Success with the finished product

John Geertsema and his daughter Nancy Buis worked together to turn his handwritten stories into a published book.

John Geertsema could have been satisfied with the handwritten stories he had penned in the book his children had given him, and the corresponding pile of photos and clippings. But his daughter realized that leaving the stories in this form would not make them very accessible to the entire family—because only one person could “own” the collection at a time; because John’s handwriting may have been difficult to read; because photos could have become lost in the shuffle; and because documents would continue to get more and more brittle with age. Her idea of turning her dad’s work into a published book solved all of those problems. Here are some factors that made the finished product—the published book—a success:

  • Nancy recognized when she needed help. After typing up her dad’s manuscript, she tried laying it out in Microsoft Publisher, but the document quickly became unwieldy. For one thing, Publisher is not really robust enough to handle a book-length document with more than 100 high-resolution photos. For another, after spending so many hours so close to the project, Nancy realized she needed fresh eyes and a fresh perspective. She was willing to ask for help rather than become overwhelmed by the project.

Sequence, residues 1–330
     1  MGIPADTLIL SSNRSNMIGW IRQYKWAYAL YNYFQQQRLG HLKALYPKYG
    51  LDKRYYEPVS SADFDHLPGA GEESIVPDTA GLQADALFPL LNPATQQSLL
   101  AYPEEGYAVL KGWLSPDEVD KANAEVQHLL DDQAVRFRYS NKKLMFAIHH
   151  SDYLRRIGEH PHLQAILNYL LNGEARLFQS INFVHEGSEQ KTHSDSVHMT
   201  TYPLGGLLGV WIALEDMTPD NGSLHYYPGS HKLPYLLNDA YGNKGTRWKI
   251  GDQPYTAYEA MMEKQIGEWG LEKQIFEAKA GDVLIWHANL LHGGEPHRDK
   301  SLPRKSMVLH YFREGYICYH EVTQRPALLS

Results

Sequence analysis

• Nancy was also willing to let me do my job. It can be hard to turn over your labor of love to someone outside the family, but Nancy was willing to trust me. She let me do the editing that needed to be done because she trusted that her father’s voice would not be lost in the process. I was careful to honor her trust.
  • At the same time, Nancy continued to stay involved in project. She didn’t simply dump all the resource on my desk and then disappear, expecting a published book a week later. She was available to answer questions, to proofread chapters as I completed them, to get input from her father, to email me photos and fill in caption information. There may be services available who “do all the work for you,” but they charge a whole lot more than I do, and I can’t imagine that the finished product would have the same level of accuracy.
  • Both Nancy and her father kept their original audience—the family—in mind even when making final production decisions. They wanted the book to be a high-quality representation of the 15 years of work they had put into the project. So we created a hardcover book full of full-color illustrations that really bring the stories to life. At the same time, they were aware that not every member of the family would be able to afford the “deluxe” version. So we made a range of options available—a full-color hardcover, a full-color paperback, a black-and-white hardcover, a black-and-white paperback, and a downloadable PDF. The beauty of print-on-demand publishing from places like is that once all the files are uploaded, you can send people a link and let them order whichever version they prefer. The Geertsemas ordered a few printed copies for themselves and then sent the link to their relatives in the Netherlands, who placed their own orders.